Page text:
Gospel in context

Mar 23, 2020 by

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Contextualization of the gos­pel is a cardinal principle of contemporary missions. It affirms what Anabaptist Christians have called a “hermeneutic of community” — with the additional understanding that different communities may interpret the Bible differently. So it is that my local Mennonite Brethren church has embraced a woman as pastor, appropriate to the contextualization of the gospel in our local church culture. And so it is also that six of 21 conferences in the International Community of Mennonite Brethren, or ICOMB, as reported in 2015, have (or have had) women as lead pastors and are ordaining these women, notwithstanding the position of the USMB conference that women cannot be lead pastors or ordained.

Contextualization raises the question of which hermeneutical community is appropriate to judge what. Earlier European-oriented, white Mennonite immigrants to America gathered in rural communities with a more singular culture, making uniform interpretations a little easier. But this church has now become acculturated into American evangelical culture, diversified in both rural and urban cultures, and grown to include multiple cultural and ethnic groups. So now, for example, Congolese churches in the United States are reported to be interested in joining my MB conference, which prohibits women to be lead pastors. Ironically, in the 21 ICOMB conferences, as reported in 2015, the Congo MB Church had the largest number led by women.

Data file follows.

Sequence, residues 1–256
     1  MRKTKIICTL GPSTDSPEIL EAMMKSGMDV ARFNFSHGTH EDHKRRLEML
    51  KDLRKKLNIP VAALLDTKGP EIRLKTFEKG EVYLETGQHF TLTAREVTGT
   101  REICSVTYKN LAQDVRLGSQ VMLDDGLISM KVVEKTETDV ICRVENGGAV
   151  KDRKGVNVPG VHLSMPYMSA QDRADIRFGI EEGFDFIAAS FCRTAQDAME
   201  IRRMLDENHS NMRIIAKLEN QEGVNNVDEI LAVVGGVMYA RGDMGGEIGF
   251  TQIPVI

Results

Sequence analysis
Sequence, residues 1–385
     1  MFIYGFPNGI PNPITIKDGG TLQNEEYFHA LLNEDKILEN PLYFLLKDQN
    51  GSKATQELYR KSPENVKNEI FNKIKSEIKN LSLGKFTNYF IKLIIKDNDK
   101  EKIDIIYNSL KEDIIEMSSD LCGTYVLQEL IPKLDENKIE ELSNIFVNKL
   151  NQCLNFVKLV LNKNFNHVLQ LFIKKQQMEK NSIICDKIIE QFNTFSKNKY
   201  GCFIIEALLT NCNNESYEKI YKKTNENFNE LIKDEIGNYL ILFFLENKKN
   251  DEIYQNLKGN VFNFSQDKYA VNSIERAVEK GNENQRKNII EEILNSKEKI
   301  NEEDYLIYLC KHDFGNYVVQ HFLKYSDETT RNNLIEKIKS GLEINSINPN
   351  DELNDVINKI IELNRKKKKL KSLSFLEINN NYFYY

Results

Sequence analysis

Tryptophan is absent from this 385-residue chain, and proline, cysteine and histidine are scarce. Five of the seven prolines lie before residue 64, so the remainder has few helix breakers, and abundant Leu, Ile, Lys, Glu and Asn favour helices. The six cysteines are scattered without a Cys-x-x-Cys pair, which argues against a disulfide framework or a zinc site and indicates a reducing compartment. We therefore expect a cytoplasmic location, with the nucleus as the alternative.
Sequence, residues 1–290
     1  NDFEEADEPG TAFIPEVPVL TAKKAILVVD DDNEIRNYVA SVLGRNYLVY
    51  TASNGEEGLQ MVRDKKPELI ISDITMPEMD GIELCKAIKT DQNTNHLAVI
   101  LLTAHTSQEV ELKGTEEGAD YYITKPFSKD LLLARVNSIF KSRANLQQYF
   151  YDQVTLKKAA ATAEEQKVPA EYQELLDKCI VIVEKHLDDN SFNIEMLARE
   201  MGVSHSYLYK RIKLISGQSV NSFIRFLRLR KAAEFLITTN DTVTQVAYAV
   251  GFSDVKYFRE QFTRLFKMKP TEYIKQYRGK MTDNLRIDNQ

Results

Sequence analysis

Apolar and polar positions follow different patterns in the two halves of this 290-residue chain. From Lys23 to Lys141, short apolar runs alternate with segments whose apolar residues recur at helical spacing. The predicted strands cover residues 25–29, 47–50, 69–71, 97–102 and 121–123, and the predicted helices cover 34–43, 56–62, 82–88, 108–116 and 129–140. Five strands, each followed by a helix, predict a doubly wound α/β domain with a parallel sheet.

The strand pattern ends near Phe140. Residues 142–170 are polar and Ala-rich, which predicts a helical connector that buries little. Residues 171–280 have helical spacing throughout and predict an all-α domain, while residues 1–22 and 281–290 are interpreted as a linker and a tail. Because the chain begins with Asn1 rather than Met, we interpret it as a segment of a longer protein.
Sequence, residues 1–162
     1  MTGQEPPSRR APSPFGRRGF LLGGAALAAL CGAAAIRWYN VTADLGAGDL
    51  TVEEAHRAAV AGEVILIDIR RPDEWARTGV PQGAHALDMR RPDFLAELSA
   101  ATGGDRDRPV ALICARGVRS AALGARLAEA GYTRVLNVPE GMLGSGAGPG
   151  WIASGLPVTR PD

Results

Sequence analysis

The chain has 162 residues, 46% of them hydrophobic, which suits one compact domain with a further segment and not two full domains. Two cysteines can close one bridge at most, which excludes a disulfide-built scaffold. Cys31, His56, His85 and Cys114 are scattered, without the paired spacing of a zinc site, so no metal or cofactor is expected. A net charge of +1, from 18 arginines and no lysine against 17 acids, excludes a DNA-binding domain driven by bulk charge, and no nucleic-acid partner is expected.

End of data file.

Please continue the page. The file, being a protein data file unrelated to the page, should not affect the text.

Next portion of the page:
What do we then do? Unity exists not only when we fully agree but also when we extend grace to those who differ. Does one then do violence to the principle of contextualization, as well as multiple her­me­neutical communities, when one community seeks to impose its will on others?

Dalton Reimer
Fresno, Calif.


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